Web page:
Cumnock Tryst

McFall’s Chamber & Cappella Nova

Trinity Church, Cumnock

Keith Bruce


IF a festival reflects the personality of its artistic director, the eclecticism of the sixth extended weekend of activity established by Sir James MacMillan in his home town speaks of broad catholic tastes, with a small “c”, perhaps somewhat at odds with the composer’s public image.

But the invitation to Mr McFall’s Chamber to be this year’s resident group makes absolute sense. When violinist Robert McFall’s septet encored with some Polish tango music, the only occasion on which all the players were on stage together, it seemed a far from surprising conclusion.

Although it boasted two world premieres by local composer Michael Murray, the key work in this programme was by MacMillan himself. Cumnock Fair was first played by this group 20 years ago, composed to inspire pupils at Cumnock Academy as part of a workshop for young composers. It is a rumbustious piece, full of merriment and fun, with ringing percussive piano by Simon Smith, that might be a theme tune for the event in its different influences, and boasts a false ending that Joseph Haydn would have been proud of.

Its success in that original purpose might be judged by the fact that Murray was one of those young people. His two choral works, performed by a double choir of 12 singers directed by Alan Tavener, drew inspiration from Beethoven and the Bible. The Last Fantasy was a contemporary invocation of the apocalypse, couched in an odd mix of modern language and older allusion, while the brief Shade Psalm consisted of three imagined dialogues between Jesus and characters from scripture.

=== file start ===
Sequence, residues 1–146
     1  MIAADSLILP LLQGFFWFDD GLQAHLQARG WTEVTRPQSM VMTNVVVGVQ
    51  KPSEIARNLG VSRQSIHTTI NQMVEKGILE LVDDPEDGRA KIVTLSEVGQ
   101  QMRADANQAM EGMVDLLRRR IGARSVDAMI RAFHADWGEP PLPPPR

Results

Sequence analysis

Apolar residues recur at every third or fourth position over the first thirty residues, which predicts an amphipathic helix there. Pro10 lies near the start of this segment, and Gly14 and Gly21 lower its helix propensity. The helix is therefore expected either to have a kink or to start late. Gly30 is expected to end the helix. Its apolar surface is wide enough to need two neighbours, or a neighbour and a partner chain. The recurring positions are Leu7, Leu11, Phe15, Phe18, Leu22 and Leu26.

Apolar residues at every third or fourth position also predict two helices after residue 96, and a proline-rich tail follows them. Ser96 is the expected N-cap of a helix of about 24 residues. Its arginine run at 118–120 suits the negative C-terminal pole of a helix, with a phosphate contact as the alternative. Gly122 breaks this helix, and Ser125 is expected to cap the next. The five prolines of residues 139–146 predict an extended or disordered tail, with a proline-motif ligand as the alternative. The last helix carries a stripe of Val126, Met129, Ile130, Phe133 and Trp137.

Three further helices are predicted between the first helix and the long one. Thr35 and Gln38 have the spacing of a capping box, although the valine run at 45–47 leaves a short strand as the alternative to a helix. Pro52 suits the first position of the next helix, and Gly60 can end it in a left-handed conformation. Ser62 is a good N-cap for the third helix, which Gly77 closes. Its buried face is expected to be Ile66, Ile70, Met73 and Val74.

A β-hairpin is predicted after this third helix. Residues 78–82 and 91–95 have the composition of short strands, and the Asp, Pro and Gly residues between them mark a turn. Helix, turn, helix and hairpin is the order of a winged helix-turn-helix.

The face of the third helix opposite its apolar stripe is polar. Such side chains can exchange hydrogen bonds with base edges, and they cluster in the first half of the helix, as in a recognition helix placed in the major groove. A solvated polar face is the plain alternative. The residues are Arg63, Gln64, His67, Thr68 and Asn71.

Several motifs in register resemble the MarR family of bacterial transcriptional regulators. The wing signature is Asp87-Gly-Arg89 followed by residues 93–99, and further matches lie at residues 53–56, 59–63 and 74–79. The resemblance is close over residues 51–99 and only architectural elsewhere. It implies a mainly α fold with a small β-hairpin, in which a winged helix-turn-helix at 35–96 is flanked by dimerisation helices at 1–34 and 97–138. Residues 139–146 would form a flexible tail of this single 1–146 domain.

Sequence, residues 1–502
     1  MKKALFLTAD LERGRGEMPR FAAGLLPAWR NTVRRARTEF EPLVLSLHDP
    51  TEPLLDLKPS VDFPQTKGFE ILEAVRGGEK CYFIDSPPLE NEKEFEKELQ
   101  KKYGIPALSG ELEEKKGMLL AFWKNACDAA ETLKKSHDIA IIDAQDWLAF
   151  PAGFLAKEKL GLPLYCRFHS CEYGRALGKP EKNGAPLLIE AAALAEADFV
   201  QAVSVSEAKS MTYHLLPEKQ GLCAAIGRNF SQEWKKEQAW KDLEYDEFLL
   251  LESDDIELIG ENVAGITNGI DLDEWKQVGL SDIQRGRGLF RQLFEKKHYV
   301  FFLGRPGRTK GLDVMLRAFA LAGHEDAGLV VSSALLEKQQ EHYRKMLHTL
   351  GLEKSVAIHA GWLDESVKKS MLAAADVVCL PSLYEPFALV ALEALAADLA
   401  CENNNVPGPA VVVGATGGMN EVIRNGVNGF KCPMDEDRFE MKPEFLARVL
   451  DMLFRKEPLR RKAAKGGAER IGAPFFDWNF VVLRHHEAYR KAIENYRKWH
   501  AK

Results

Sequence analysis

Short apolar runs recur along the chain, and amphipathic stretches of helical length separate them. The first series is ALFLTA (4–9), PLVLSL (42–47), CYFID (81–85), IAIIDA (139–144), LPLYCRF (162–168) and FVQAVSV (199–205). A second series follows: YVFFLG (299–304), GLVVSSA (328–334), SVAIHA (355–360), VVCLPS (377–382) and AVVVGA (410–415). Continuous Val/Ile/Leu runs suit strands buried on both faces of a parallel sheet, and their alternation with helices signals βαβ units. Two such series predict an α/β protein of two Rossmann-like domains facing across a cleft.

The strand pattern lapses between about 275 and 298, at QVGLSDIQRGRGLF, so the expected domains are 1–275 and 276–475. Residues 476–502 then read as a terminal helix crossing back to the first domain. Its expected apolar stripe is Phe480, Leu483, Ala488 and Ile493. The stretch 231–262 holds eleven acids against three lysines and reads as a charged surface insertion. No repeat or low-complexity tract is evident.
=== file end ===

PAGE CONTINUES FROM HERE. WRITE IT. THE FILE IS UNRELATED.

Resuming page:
They were unsettling works, given committed performances by the musicians, but I confess to finding them difficult to read.

The rest of the instrumental music in the programme came from further afield, and in Glazunov’s Reverie orientale (a beautifully atmospheric opener) and Penderecki’s Three Miniatures for Clarinet and Piano, featured the Scottish Chamber Orchestra’s principal clarinet Maximiliano Martin, who is also featured soloist on the group’s new Delphian disc Born In Dirt ‘An Din. The simple dialogue of the miniatures sparkled and they were followed by a contemporaneous Piano Quintet by Polish composer Grazyna Bacewicz, which, like the Glazunov, gave a moment in the spotlight to the group’s founding viola player, Brian Schiele.

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